Planting soybean on the optimum date produces maximum yield and profit without increasing production costs. Unfortunately, the optimum planting date is hard to indentify, because it varies from year to year, depending on the weather and how much it rains and when it rains.
"Planting date has been a favorite topic of researchers ever since soybean was introduced into the United States, so there is a large database of experiments in the literature. A combined analysis of this database will provide a clearer picture of the average response than any single experiment," explains Dr. Dennis Egli, University of Kentucky, Lexington.
Dr. Egli and colleagues at the University of Kentucky analyzed the combined results of planting date experiments and published their findings in the March-April 2009 issue of the Agronomy Journal.
The scientists analyzed combined results of planting date experiments from the Midwest (NE, ND, IA, IL, IN, and OH), the Upper South (AR, KY, MO, and TN), and the Deep South (AL, FL, GA, LA, MS, and SC). Planting dates varied from mid-April (early April in the Deep South) to July. The experiments included several varieties and several row spacings, but none were irrigated.
In spite of the differences in environmental conditions and varieties from the Midwest to the Deep South, the response of yield to planting date was remarkably consistent across the three regions. Average yield did not change as planting was delayed from mid-April until late May or early June. Thus, there was no evidence that April plantings produced higher yields in any of the three regions. Early April plantings were included in the Deep South and average yields decreased for these ultra-early plantings.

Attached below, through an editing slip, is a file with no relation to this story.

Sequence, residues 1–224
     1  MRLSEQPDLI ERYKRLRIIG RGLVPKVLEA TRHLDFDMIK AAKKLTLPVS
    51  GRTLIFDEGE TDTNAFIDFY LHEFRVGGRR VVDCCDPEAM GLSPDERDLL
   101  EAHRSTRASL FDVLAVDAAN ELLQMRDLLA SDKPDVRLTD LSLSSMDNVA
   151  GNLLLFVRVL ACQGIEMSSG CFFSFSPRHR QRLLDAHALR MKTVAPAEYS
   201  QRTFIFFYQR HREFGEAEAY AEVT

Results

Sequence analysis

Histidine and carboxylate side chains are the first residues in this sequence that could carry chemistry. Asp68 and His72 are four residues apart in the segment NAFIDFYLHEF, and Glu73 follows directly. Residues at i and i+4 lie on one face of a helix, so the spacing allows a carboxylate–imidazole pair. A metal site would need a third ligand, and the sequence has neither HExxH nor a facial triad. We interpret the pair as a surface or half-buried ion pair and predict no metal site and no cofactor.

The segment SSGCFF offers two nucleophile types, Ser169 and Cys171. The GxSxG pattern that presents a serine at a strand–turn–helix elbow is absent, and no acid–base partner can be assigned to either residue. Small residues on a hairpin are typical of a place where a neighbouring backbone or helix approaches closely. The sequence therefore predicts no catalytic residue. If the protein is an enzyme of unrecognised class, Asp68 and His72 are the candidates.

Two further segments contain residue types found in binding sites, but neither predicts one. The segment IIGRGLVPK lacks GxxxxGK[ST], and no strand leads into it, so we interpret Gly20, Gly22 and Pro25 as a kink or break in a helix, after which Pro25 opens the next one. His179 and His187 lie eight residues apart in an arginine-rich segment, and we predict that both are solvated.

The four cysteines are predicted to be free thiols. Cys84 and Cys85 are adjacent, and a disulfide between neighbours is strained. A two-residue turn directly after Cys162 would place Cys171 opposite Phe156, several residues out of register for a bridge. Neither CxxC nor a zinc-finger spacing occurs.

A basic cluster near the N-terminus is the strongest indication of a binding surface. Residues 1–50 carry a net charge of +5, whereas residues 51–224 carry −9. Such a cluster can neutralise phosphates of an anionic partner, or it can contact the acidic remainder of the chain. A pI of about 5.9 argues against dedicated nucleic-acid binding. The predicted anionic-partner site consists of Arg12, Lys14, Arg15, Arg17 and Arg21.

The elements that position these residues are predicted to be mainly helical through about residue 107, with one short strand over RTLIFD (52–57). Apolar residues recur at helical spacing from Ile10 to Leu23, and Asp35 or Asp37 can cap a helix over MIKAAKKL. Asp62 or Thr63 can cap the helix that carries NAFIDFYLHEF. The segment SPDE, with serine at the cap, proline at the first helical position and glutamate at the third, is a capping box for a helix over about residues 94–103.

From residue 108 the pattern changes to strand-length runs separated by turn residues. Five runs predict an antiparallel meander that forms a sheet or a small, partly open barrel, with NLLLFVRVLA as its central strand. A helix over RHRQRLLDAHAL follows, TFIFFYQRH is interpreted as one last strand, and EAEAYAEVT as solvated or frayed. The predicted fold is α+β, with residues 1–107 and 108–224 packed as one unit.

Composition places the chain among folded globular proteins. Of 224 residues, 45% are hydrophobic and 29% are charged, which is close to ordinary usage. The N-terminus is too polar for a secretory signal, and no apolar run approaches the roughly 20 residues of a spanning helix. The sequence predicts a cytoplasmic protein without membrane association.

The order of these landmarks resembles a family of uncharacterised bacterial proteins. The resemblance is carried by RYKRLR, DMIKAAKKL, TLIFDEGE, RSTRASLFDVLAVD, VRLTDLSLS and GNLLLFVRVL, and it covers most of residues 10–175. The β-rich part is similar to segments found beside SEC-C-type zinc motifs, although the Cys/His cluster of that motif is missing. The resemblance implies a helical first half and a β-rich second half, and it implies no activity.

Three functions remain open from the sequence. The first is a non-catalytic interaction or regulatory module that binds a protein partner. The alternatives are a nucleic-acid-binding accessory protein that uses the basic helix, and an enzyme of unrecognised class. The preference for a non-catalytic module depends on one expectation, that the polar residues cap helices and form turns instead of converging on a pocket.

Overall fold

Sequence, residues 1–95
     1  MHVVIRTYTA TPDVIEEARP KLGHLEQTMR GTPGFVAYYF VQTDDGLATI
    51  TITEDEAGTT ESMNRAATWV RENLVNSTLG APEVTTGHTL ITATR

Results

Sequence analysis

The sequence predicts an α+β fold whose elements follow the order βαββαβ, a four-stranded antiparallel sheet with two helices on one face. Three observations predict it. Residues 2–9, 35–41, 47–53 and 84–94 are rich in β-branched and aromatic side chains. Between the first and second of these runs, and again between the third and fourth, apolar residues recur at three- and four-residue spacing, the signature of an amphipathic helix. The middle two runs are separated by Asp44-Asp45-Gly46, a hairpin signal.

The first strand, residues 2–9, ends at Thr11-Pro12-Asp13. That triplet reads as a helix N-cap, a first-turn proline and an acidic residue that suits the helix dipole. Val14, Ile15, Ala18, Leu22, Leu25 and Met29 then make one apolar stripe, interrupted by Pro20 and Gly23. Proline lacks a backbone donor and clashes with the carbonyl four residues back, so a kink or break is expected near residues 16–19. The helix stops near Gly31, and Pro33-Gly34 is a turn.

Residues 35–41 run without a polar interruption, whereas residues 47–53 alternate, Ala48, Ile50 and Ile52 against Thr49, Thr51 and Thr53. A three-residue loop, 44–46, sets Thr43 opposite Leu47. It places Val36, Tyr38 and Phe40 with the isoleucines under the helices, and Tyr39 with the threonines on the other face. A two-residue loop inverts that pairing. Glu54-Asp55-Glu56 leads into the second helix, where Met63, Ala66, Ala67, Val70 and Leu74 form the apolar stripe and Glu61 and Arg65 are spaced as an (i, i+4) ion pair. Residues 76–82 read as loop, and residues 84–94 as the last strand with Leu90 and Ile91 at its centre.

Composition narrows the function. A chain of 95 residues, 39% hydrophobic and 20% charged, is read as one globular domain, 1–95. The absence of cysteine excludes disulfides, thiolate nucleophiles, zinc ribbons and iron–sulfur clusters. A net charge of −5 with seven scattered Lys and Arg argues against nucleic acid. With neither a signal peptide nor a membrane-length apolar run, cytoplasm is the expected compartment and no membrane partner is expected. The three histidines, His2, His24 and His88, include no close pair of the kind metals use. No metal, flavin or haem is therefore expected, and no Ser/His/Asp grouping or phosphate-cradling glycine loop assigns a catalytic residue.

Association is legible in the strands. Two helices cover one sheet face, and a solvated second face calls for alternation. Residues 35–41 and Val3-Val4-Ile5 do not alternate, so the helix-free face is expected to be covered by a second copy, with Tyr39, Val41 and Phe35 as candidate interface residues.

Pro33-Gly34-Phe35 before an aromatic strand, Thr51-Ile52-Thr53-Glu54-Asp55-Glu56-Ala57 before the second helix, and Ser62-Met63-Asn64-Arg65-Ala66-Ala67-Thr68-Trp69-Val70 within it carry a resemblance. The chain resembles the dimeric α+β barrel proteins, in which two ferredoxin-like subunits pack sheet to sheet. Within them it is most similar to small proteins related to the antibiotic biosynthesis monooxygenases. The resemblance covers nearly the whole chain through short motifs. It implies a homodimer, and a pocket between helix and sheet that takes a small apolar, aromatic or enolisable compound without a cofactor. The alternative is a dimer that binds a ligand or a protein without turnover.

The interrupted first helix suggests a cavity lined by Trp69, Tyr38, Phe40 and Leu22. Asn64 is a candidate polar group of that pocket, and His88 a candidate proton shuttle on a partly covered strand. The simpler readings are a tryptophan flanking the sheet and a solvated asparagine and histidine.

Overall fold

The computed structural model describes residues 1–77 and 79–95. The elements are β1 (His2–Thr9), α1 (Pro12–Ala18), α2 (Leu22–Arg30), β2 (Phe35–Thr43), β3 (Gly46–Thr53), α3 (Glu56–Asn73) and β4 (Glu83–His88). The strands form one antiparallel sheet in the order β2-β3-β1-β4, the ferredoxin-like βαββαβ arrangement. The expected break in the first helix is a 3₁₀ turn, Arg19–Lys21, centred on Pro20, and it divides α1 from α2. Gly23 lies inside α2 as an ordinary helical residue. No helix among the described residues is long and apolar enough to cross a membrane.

A previous study published in the Agronomy Journal [Vol. 101:131-139 (2009)] concluded that April and early May plantings in Indiana consistently produced the highest yield. But our results, based on the combined analysis of 28 experiments, show no significant advantage for such early plantings from the Midwest to the Deep South.
While the results of this analysis show no consistent yield advantage for planting early, there was also no consistent yield loss (except for ultra-early plantings in the Deep South) associated with early plantings.
"If the soil is ready for planting in April, producers should feel free to plant, but they shouldn’t expect higher yield," advises Egli.
Planting into cold, wet soils, however, can reduce seedling emergence and stand, which may require replanting to avoid yield loss. Unacceptable stands may be more common if seeding rates are reduced to the minimum to reduce seed costs.
Average yield declined rapidly when planting was delayed after 30 May in the Midwest, 7 June in the Upper South, and 27 May in the Deep South at rates ranging from 0.7 (Midwest) to 1.1 (Upper South) and 1.2 ( Deep South) percentage points per day. At these rates, delays of just 2 weeks will reduce yields by approximately 10 to 20%.
There may be no particular advantage for early planting, but there was a clear disadvantage for planting late, after the critical date in late May or early June. Soybean producers can maximize their yield and profits by making sure planting is completed before the critical date.